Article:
Testing out Arch Linux
As you may know, I’ve used lots of Linux distros over the years. Right now, I’m testing Arch Linux on an old PC. I’ve been curious about Arch for a long time and now finally I had the opportunity to try it out. Basically, I’m giving new life to an old PC and thus I’m exploring ways to use the most lightweight software possible. That means choosing the right applications and the right distribution. I’m not sure if Arch is the right distribution, but I like it.
So, what is Arch like ?
Arch is a very basic Linux distro, that you can easily customize. It reminds me of Gentoo, although it’s not source-based. Package management is based on tar.gz packages, with full dependency support. What stands out at first is the speed of pacman, the application used to manage software installation. After downloading the packages, installation is very very quick. And it’s as simple to use as apt-get.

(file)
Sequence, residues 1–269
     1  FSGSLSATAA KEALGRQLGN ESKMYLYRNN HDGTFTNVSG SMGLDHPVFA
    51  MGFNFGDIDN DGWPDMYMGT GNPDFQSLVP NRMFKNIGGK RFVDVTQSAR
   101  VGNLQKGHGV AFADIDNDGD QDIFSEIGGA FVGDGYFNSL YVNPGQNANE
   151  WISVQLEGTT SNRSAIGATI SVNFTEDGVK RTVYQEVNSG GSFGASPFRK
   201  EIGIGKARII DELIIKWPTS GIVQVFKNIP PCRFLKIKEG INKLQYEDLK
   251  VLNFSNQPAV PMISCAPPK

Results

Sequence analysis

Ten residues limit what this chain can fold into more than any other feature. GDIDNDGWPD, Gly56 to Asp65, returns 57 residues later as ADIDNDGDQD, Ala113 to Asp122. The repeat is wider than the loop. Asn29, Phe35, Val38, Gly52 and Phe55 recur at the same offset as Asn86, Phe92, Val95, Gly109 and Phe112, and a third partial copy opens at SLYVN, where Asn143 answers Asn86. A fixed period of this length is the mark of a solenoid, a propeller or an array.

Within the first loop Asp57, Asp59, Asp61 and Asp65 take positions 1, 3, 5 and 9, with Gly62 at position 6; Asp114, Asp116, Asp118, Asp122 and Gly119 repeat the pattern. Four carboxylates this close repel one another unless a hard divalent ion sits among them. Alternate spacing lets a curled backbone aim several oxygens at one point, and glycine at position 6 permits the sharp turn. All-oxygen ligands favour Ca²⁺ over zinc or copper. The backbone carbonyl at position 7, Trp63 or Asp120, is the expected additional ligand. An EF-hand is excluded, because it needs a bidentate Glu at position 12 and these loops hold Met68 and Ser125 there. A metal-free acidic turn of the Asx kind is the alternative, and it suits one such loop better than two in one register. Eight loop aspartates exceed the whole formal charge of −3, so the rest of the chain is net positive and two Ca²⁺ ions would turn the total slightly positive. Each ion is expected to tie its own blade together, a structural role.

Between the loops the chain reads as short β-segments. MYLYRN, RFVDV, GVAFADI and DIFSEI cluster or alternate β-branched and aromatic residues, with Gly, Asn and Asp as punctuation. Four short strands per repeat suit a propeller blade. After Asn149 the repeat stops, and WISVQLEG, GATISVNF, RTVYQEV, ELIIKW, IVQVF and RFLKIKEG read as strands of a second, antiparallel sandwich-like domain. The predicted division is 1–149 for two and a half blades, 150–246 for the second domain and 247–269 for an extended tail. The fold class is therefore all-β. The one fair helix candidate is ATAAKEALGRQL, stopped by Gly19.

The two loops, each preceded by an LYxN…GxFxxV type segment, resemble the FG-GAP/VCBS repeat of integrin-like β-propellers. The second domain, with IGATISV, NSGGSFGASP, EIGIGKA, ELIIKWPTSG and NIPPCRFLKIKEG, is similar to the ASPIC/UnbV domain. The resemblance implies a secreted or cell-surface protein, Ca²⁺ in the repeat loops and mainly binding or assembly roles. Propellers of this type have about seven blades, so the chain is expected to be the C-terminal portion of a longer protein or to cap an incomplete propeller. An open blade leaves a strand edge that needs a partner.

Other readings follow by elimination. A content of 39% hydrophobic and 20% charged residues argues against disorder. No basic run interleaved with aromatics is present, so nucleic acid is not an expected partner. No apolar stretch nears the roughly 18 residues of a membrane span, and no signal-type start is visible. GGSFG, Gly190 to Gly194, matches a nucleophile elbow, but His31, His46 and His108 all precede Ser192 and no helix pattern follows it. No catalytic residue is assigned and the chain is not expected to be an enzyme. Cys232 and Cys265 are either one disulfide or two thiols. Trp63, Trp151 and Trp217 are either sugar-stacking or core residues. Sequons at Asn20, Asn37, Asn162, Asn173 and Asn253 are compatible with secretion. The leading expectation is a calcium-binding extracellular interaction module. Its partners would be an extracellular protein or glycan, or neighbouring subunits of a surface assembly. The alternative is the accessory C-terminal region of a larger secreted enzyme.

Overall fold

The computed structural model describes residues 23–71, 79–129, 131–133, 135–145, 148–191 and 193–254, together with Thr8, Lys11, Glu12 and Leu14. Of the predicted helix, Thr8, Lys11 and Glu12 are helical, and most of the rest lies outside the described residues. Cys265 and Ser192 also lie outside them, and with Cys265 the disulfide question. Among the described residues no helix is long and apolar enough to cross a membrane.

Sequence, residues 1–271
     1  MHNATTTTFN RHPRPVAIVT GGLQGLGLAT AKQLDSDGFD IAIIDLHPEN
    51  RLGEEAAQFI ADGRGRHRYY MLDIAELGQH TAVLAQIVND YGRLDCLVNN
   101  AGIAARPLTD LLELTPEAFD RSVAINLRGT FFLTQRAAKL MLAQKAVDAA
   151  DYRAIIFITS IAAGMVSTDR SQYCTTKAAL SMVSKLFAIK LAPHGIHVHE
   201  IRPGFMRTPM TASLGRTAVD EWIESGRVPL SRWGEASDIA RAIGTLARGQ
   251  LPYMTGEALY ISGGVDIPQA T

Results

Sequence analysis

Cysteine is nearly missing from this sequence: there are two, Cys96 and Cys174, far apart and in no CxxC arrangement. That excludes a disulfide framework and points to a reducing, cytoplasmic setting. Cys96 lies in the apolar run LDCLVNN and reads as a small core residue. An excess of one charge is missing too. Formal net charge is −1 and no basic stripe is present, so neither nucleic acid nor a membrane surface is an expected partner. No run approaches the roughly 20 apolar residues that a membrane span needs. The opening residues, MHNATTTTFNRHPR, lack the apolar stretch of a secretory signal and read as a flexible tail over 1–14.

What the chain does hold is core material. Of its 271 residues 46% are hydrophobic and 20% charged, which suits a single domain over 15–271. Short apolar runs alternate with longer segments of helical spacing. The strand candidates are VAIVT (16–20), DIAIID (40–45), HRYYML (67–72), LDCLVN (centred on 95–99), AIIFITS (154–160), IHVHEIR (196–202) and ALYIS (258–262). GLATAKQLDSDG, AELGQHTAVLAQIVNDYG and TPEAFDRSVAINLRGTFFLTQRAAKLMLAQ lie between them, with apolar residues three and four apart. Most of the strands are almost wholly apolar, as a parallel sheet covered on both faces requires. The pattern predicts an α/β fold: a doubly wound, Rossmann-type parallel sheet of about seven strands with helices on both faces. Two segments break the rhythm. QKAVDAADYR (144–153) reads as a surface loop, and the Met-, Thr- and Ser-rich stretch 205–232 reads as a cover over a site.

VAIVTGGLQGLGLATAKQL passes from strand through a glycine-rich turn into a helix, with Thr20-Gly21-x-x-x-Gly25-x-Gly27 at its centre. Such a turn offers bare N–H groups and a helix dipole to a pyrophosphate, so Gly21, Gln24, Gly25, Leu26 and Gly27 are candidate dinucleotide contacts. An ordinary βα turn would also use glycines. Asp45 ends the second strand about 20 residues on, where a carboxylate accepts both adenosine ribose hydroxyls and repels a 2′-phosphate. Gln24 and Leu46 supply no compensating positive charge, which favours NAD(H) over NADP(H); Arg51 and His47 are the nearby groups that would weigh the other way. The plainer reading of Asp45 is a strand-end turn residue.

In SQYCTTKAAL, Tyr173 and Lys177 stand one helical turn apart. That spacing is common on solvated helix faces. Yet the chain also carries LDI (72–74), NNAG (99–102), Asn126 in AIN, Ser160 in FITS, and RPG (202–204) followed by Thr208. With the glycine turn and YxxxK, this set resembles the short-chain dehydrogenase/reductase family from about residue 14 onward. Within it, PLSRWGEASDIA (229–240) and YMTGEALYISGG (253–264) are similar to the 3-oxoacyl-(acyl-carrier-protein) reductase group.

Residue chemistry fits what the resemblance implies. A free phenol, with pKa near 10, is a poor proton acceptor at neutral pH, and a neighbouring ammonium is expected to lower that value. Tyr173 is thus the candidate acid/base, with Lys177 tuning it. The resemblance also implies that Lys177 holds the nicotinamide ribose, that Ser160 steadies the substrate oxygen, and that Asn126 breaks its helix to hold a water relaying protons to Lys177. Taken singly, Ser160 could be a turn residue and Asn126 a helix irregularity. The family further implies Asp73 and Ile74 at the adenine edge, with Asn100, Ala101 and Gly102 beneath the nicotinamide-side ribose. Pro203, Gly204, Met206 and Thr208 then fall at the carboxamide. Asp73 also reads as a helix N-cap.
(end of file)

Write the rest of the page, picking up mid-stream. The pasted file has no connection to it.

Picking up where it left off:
So, at first, package management looks like apt-get but with tar.gz instead of debs. But it doesn’t stop there. Then you have the AUR platform, which is the part that resembles Gentoo. The AUR repository holds not the software, but special files (PKGBUILDs) that tell the installer where to get the software from and how to install it. It can be binaries or sources (they look a lot like Gentoo’s ebuilds). This AUR repositories are community-maintained and everyone can contribute with PKGBUILDs. Creating a package is very simple, the PKGBUILD is just a small script and you’ll probably just have to edit some variables. That’s why there’s so many software int the AUR. By using this simple mechanism you ensure that all software on your computer is installed through Arch package management system.
What do you get of an Arch installation ?
Arch installation is done through a text installer, but is quite simple. Installation is quick because there’s not much software to install. The base installation only has core libraries and binaries. There’s not even X. You’ll only get a console prompt, vi and not much more. And this is great, because you can customize it the way you like it and install only what you want. And if you want X, just issue "pacman -S xorg".
It’s not for everyone, but long-time Linux users that like to fiddle with their system will probably like Arch.
Over the next posts I plan to tell you more about my experience with Arch and with building a lightweight system.